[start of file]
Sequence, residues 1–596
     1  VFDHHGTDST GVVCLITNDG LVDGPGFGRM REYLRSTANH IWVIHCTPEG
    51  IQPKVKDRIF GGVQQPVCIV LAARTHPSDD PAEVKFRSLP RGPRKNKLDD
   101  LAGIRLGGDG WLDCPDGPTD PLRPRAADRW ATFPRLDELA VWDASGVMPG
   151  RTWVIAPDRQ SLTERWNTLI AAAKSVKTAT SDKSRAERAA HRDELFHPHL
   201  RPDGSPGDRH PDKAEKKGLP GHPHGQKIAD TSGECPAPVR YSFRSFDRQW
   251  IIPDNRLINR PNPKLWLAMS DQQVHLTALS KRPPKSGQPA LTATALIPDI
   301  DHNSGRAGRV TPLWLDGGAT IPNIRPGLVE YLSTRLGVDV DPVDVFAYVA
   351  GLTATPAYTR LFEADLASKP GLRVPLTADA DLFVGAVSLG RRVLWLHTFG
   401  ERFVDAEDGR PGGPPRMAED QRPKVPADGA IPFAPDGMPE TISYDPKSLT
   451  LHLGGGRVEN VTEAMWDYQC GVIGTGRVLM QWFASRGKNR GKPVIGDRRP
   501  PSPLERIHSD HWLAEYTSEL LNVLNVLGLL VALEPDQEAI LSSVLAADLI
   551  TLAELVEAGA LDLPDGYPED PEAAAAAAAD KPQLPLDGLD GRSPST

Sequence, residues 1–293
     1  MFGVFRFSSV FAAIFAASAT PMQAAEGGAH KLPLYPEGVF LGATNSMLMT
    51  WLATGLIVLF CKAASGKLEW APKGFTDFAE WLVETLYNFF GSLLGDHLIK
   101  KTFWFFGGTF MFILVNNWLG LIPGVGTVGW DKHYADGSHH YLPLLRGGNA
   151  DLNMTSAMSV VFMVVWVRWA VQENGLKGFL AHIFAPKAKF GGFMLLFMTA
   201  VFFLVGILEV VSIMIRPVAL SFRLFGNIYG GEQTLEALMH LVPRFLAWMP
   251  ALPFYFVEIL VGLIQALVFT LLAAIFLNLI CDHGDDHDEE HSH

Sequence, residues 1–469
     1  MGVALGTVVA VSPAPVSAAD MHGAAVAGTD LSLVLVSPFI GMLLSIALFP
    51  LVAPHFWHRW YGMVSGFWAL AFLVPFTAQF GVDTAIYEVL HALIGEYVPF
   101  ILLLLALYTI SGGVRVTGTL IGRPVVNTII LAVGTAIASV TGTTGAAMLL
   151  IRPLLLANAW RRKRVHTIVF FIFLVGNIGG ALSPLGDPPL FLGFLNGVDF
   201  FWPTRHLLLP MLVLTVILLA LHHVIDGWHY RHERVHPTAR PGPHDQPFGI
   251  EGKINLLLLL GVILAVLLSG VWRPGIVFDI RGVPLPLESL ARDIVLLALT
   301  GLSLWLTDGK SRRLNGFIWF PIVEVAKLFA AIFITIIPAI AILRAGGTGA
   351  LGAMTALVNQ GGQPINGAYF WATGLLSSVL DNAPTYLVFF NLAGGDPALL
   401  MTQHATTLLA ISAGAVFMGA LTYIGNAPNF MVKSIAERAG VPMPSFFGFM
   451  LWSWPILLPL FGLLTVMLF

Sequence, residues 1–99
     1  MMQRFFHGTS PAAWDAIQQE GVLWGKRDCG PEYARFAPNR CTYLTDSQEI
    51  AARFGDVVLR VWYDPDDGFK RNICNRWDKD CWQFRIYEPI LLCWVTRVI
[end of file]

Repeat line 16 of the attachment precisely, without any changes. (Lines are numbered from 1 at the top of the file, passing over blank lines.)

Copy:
    51  WLATGLIVLF CKAASGKLEW APKGFTDFAE WLVETLYNFF GSLLGDHLIK